The Dr. is no longer in on the radio. Dr. Demento’s classic Sunday night radio show is leaving the airwaves after nearly forty years of playing such zany classics as “Purple People Eater”, “Fish Heads” and “Dead Puppies”. Dr. Demento is suspending the syndicated show by the end of the summer as radio stations carrying the Sunday night fixture have recently dropped to less than a dozen.
Dr. Demento rolls with the changes
Dr. Demento’s crazy mix of comedy and music can still be found on Web cast. Changing radio format has created a highly specialized market with stations being either talk or niche music, leaving little room for variety shows such as Demento’s special blend of catchy little tunes and comedy.
His Web show has been airing Sunday evenings for several years on www.drdemento.com. The Dr. is looking at the end of his iconic radio show not as an ending but a transition into more current media. The internet allows him to play a wider range of music, including selections deemed too outrageous or vulgar by FCC controlled radio.
Dr. Demento creates careers and fans
The Dr. Demento show is based on the Dr.’s own collection of more than 300,000 recordings. His collection, which he started at the age of twelve, includes every recording format known from antique cylinders to modern day digital downloads. He first hit the radio airwaves in 1970 and his show became syndicated in 1976.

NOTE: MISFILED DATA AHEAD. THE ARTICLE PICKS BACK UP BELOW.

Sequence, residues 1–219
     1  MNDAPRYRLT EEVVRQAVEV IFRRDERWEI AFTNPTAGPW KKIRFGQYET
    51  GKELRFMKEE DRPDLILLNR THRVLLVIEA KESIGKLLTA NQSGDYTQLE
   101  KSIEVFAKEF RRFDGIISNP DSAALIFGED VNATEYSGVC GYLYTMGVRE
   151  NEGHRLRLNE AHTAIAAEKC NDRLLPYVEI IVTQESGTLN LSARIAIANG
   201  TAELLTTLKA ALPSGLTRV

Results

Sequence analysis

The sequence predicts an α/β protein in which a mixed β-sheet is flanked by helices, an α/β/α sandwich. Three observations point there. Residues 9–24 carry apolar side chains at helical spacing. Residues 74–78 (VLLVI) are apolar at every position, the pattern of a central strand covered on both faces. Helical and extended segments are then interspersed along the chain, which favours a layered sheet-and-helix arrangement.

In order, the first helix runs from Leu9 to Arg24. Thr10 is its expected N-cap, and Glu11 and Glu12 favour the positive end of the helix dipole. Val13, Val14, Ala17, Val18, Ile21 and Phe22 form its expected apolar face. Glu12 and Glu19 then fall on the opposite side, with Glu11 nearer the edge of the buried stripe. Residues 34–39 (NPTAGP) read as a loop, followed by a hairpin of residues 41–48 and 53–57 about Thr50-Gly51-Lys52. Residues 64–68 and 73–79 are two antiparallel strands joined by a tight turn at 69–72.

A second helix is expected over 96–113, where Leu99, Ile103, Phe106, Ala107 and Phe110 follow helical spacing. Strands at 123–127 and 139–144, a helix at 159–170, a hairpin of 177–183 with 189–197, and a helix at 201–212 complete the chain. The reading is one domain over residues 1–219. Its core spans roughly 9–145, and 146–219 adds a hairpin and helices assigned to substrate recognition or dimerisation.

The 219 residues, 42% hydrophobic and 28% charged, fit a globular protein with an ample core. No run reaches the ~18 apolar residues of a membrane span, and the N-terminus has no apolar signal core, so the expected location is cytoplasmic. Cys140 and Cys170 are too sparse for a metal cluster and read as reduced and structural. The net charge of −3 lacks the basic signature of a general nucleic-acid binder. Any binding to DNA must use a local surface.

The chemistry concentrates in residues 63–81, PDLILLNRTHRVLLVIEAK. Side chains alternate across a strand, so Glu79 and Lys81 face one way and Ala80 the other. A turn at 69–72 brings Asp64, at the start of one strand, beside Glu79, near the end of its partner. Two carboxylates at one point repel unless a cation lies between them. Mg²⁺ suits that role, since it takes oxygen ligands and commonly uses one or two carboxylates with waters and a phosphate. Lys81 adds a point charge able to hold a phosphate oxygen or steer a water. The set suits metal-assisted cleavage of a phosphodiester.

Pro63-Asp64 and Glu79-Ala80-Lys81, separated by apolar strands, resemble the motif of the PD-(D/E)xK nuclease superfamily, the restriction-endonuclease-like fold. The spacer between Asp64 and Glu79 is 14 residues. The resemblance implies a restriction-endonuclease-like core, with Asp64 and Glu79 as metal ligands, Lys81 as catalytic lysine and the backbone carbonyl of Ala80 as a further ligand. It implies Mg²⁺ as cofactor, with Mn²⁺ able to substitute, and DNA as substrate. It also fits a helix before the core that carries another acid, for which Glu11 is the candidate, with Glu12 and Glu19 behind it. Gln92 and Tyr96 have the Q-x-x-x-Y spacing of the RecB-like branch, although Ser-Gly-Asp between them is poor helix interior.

The Dr. Demento show has always played not only classic comedy music such as recordings by Monty Python and Frank Zappa but also amateur recordings sent to him. He discovered musician Weird Al Yankovitch in this way after receiving a homemade tape sent to him by a then sixteen year old Yankovitch. Weird Al went on to produce the Grammy winning Michael Jackson take-off, “Eat It”. Demento is also credited with keeping alive musical political satirist like Tom Lehrer, “The Vatican Rag” and Grammy-winning Stan Freberg whose 1957 song “Nuttin’ for Christmas” has become a holiday classic.
Dr. Demento: not your average class clown
Born Barret Hansen in Minneapolis in 1941 the Dr. is an educated musicologist. He did his college master thesis on the evolution of rhythm and blues. Today, his credits include television, movies and numerous record compilations. He is also a sought after authority in music writing and research whose credits include Rolling Stone Magazine. Dr. Demento was inducted into the Rock and Roll Hall of Fame in 2009.
The Dr.’s distinctive voice can be heard every Sunday night hosting his funny, two-hour Web show which features his unique blend of satire and music.